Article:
Women in Islam and Somali culture
Somali traditional culture is entirely Islamic-based culture that blends nomadic pastoral traditions and norms with Islamic teaching. The shape of the culture is affected by the interaction between these two factors.
The place of women in an Islamic society is determined by the Koran (Qur’an) the tradition of the Prophet Mohammed (PUB), and the interpretations of Islamic law and traditions influenced by social customs and practices. Islam establishes complete and genuine equality between man and woman. This is a fact readily acknowledged by everyone who knows Islam well and understands Islamic law as outlined in God’s book, the Qur’an, and in the sayings and practices of the Prophet Muhammad (PBUH).
Islam asserts the equality of men and women in their creation. The Qur’an states that God has created all mankind from a single soul; and from it He created its mate, and from the two of them He spread abroad so many men and women. [4:1] He also says: Mankind, We have created you all out of a male and a female.
Through the revelation of the Koran and the Sunnah of the Prophet Mohammed (PUB), Islam liberated women from unacceptable conditions that prevailed in the tribal society of pre-Islamic Arabia.
Among the rights granted to women by Islam were the rights to life and education as well as the right to inherit, manage and maintain property.
Interpretations and the application of women’s rights under Islam are profoundly affected by social and economic factors. Social practices, customary laws, poverty, war and illiteracy often subvert the status of women. Thus, women’s rights in Somali society are generally affected by the prevailing political and socio-economic conditions.
The advent of urbanization, particularly after the end of World War II, incorporated increasing numbers of Somalis into the livestock trade and exports, with the two sectors becoming the basis of wider commercial activities within the urban economy. Opportunities for women in both the livestock trade and the new urban commercial activities were very limited. However, the increased level of urbanisation created the conditions for improved women’s participation in the informal sectors of the urban economy and limited but significant progress in girls’ education. These changes did not immediately result in an overall improvement in the lives of Somali women, but built the foundation for greater acceptance and gradual access of women into public life, through education and employment during the nine years of civilian rule after independence.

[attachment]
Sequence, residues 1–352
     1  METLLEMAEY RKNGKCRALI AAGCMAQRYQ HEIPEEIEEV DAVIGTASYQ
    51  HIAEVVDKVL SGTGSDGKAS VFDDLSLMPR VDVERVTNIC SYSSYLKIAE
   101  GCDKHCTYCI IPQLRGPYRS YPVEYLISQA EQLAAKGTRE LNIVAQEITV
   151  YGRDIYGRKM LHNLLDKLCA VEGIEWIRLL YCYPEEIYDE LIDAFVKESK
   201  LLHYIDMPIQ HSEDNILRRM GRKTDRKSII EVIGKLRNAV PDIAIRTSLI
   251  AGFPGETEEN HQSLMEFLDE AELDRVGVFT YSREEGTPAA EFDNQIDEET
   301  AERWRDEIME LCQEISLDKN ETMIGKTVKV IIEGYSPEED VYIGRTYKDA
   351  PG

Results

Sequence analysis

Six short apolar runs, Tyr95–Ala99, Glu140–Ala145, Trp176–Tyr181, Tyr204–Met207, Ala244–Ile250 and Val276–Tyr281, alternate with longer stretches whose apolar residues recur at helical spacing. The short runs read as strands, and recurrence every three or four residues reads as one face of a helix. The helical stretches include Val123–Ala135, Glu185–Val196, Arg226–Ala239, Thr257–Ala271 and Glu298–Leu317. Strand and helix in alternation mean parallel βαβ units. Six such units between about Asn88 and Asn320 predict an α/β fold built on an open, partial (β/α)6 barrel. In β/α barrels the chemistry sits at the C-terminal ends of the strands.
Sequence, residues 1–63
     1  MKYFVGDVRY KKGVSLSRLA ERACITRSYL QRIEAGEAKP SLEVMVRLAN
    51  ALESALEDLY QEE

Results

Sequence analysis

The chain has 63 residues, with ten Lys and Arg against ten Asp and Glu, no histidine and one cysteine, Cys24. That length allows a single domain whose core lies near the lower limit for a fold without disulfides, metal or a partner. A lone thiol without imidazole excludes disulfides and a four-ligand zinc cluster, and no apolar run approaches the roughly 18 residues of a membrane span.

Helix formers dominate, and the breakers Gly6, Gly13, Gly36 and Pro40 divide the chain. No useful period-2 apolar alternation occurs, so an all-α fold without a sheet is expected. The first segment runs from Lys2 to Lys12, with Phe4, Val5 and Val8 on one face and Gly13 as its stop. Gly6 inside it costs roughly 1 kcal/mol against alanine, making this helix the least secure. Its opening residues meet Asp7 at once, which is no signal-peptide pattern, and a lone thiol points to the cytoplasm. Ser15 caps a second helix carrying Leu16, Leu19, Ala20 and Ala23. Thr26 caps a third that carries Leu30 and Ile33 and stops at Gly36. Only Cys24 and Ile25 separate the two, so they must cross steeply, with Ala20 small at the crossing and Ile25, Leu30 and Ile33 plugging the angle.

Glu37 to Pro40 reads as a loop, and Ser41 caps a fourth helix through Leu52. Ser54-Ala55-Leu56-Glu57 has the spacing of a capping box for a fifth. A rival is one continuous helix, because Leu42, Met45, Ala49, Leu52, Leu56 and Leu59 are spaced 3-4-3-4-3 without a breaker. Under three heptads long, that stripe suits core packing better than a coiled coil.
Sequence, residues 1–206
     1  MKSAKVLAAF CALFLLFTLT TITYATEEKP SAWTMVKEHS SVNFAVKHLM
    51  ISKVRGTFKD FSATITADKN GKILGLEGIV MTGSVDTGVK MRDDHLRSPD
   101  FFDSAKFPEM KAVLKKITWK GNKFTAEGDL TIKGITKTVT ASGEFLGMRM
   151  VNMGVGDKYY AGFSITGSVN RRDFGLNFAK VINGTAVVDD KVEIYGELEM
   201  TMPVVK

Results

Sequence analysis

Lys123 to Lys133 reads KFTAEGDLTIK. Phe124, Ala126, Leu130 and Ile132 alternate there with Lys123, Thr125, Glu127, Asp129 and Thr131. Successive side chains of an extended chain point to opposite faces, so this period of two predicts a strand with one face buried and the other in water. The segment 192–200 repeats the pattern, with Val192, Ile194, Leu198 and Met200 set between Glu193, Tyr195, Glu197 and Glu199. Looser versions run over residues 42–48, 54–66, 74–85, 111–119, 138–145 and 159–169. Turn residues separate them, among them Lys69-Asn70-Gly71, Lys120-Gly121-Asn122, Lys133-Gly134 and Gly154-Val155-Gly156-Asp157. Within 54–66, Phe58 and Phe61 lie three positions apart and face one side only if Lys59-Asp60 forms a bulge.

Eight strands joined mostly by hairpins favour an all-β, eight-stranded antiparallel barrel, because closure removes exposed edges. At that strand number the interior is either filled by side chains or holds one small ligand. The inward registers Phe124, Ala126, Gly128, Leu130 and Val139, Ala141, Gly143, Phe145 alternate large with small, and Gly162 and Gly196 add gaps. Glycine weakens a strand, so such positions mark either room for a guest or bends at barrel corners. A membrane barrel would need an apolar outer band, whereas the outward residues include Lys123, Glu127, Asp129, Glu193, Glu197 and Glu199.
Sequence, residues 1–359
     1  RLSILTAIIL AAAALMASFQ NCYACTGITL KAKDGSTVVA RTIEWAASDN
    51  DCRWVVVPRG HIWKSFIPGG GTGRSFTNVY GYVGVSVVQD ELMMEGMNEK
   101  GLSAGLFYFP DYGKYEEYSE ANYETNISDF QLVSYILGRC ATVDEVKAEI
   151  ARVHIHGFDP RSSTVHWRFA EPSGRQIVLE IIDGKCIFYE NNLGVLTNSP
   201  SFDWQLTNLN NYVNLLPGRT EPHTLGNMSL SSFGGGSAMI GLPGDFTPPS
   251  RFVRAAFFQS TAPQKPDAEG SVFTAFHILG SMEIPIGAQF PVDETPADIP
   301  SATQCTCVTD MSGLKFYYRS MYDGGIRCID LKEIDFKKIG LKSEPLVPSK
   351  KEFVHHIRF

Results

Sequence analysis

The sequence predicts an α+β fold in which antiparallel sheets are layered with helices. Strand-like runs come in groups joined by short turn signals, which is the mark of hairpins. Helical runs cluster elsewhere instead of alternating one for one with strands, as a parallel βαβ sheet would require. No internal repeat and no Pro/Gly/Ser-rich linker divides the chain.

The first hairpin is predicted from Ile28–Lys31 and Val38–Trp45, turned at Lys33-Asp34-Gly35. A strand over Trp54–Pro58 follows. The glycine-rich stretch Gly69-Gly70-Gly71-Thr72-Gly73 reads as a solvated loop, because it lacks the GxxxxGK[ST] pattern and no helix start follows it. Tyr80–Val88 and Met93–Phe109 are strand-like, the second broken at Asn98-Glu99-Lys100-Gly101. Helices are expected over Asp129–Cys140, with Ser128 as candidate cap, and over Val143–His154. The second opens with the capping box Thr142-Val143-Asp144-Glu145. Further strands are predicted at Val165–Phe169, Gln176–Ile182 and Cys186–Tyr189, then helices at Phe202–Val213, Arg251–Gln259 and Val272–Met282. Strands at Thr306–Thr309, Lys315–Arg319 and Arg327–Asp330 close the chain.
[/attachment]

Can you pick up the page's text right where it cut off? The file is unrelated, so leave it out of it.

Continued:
During the military regime of the 1970s and 1980s, women’s public participation broadened. Female school enrolment and job opportunities increased and women were able to hold positions in the army and civilian government institutions.
Today, women play a significant role in nation building efforts. This has increased the conflict between the traditional roles of women and the real demands of today’s daily life in post war Somali society on the one hand and their expectations and opportunities on the other. The conflict between the role they are expected to play, and that which they seek and in reality perform, can only be reconciled through the elimination of the discrimination against women. Seeking to achieve this will in turn strengthen the effectiveness of their participation in the ongoing reconstruction efforts.
In the Somali culture, a woman lives with her family of origin but is expected to leave it and join her husband upon marriage. However, as a wife, she is not fully incorporated into the lineage or the “dia-paying group” of her husband because under the Somali system wives retain the ties of their lineage of birth. This situation throws ambiguity over women’s real group identity and allegiance.
Somali women have the best dressing code that is in line with the sharia teachings. The most common pairing in Somalia is the Hijab ( jilbab ) with a long dress. The jilbab is a long head covering which covers the arms, back and chest. If a hijab is worn, it is often with an abaya. Even female children are made to wear these coverings. Niqabs aren’t worn as commonly as the jilbab. But if it worn at all, it is usually seen it as the highest modesty in the Somali community